Drive-by Downloads

So called Drive-by Download attacks are among most feared methods of dispersing Fake AV programs because they are designed to download and install malware without ever notifying the user or asking for his permission. Cybercriminals usually employ Exploit Kits to identify client-side vulnerabilities (such as code flaws in browsers, or applications like Adobe Reader, Adobe Flash Player and Java Runtime Environment), and use them to execute malicious code (which typically serves the downloading of additional malware components). To prevent detection, Exploit Kits usually are backed up by obfuscation software (so called “packers) which makes their binary data unreadable for antivirus programs.

Rogue Security Software Distribution Networks

Rogue Security Software is widely spread through whole affiliate-based illegal networks, collectively known as “Partnerka”. Scheme participants usually enroll for free and are paid per successful malware install. In order to optimize the fraud’s effectiveness and make it accessible also for aspiring online criminals without profound IT-knowledge, Fake AV creators usually provide affiliate partners with full support and an extensive set useful tools such as maliciously coded advertising items, exploit kits and obfuscation programs.

Risks of Rogue Security Software

From webmasters’, advertising networks’, and advertisers’ perspective, Rogue Security Software is an ever-growing threat which undermines their company’s image (in the case end-users are contaminated through malicious ads sneakily placed on legitimate websites) and simultaneously equals substantial financial loss (since originally intended adverts don’t reach their target audience).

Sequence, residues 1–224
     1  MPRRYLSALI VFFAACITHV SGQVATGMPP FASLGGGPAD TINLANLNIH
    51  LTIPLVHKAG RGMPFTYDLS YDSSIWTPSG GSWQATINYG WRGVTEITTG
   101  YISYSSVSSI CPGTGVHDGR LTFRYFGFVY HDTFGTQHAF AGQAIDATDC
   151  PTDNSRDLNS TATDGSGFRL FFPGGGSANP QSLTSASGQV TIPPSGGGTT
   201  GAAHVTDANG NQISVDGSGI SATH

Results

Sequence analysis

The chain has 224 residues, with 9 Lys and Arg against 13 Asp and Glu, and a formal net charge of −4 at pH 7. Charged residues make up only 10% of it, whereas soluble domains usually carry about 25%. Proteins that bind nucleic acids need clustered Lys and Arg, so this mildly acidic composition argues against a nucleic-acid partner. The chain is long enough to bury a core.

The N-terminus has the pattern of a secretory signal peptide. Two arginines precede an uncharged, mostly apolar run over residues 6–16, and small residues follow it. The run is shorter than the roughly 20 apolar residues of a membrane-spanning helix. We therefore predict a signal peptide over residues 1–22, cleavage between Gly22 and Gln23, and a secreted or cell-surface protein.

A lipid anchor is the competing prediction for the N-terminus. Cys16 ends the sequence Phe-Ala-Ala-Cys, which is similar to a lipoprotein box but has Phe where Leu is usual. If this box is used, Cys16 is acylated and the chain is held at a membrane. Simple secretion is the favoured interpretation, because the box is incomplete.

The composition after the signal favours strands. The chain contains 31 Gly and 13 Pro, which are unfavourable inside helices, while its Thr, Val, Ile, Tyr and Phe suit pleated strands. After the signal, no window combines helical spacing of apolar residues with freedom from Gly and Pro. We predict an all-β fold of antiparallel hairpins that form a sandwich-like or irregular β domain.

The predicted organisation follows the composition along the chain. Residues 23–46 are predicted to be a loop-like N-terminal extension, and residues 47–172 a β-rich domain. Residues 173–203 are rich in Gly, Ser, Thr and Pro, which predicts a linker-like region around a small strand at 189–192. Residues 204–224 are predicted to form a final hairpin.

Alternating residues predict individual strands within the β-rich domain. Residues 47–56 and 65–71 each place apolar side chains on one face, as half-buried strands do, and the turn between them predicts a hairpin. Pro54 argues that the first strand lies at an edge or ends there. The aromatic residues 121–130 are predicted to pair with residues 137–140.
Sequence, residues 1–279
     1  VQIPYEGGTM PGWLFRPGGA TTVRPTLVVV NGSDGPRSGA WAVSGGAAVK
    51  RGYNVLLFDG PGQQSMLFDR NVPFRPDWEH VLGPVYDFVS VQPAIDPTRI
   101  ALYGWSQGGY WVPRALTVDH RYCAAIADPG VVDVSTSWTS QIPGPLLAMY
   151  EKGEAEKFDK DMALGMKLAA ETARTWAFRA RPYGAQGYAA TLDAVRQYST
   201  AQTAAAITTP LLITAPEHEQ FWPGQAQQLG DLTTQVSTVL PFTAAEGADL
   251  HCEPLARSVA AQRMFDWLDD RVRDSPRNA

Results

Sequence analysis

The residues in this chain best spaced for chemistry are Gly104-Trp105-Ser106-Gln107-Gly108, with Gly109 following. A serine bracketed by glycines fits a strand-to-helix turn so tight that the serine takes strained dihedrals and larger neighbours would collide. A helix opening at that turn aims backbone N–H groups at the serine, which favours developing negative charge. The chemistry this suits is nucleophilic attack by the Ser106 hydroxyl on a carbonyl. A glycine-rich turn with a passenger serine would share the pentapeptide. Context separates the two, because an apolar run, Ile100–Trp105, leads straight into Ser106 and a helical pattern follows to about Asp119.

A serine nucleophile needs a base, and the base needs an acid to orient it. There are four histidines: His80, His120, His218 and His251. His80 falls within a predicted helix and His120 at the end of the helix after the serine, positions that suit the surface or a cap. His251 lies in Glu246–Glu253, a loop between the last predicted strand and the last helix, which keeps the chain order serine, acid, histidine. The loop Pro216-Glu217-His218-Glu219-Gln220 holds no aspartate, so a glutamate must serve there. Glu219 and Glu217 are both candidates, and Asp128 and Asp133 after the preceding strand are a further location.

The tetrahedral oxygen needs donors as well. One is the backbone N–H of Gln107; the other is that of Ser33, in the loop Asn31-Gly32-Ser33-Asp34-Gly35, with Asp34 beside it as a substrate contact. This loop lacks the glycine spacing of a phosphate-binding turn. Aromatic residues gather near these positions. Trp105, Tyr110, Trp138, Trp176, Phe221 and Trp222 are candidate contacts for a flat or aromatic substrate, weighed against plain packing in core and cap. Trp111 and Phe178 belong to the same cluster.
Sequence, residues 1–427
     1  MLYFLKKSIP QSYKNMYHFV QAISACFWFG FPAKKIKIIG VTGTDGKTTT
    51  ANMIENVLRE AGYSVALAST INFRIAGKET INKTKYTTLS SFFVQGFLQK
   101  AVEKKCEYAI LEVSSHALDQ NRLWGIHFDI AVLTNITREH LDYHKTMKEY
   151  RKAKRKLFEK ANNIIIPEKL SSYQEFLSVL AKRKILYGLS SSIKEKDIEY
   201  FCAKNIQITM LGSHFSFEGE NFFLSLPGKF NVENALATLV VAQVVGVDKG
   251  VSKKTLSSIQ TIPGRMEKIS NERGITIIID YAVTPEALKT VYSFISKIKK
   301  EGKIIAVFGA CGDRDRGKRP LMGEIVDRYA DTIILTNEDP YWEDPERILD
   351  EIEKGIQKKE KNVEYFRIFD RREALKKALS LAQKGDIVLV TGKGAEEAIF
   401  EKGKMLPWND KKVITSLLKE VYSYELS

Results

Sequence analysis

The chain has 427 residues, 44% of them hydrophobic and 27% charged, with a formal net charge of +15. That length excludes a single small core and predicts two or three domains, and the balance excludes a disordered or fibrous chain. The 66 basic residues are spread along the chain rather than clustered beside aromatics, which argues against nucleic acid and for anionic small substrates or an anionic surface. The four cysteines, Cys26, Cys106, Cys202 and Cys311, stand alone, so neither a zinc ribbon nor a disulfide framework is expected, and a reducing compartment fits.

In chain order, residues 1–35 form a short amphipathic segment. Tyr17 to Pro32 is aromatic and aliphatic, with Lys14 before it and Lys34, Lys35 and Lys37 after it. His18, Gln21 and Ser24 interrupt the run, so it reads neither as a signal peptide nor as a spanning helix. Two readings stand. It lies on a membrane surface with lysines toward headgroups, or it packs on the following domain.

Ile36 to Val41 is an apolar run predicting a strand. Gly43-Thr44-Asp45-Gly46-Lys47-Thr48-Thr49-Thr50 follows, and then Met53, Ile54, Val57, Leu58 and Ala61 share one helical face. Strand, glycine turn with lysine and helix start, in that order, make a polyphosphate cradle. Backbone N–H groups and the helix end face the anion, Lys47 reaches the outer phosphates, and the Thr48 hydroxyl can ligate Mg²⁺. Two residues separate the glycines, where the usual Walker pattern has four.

For the end-user, Fake Antivirus programs impose a great risk in many damaging ways. For one, the more trustworthy users are often scared into purchasing a worthless application, which can only be described as a “daylight robbery”. Furthermore, since payments are processed online, victims’ financially relevant information may be recorded, misused or sold (there are a great number of Darknet black markets specialized in selling stolen credit card details). Furthermore, Fake AV is fully capable of rending important legitimate software unusable, and causing affected systems to become less stable. It is very important to note that rogue antivirus often propagates via Drive-by downloads, which usually means that additional, possibly even more dangerous malware is also installed.

Mitigation and Protection against Rogue Security Software.

Since computer infections are, to a great extent, dependent on human interaction, users can strongly diminish the risks of Rogue Security Software contamination by adopting a self-responsible online behavior. It is strongly advisable to be extremely cautious with unsolicited e-mails and links, unfamiliar websites, dubious video codecs and pop-up windows which are made to resemble legitimate system or software alerts. E-mail attachments should be handled with increased care, whereby it is hugely recommendable to only open files sent by completely trusted third parties. Among active precautionary measures count acquiring and running a reputable security program, and always keeping all installed software to the latest updates.

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Daniel Stoyanov
Daniel Stoyanov has a Master's degree in Computer Science from the Technical University of Sofia, Bulgaria. He is also a Microsoft Certified Professional. Daniel provides top cyber security news with in-depth coverage of malware, vulnerabilities, PC and Network security, online safety.If you have any questions feel free to ask him right now.